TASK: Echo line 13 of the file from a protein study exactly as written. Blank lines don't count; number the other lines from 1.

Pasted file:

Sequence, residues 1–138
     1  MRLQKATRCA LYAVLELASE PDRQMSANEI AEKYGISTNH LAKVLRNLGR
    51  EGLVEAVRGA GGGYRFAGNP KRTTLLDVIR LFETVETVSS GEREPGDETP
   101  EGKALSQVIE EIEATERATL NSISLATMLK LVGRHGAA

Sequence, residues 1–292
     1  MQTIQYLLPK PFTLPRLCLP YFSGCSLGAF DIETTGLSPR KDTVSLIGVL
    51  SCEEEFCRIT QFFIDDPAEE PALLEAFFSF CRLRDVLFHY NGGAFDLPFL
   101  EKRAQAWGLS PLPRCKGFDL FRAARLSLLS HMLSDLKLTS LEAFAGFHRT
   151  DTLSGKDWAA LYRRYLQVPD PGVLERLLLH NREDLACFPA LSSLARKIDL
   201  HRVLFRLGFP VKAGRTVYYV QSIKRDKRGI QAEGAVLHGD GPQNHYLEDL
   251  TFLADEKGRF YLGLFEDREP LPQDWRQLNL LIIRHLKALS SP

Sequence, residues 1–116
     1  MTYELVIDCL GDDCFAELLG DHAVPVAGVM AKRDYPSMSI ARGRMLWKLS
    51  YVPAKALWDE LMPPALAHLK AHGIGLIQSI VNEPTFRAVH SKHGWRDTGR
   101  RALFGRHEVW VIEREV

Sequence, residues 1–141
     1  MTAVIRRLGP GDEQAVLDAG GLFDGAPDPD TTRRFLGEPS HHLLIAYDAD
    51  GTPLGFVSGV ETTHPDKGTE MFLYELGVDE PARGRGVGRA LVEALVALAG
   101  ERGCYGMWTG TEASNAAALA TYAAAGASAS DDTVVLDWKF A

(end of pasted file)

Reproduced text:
     1  MTYELVIDCL GDDCFAELLG DHAVPVAGVM AKRDYPSMSI ARGRMLWKLS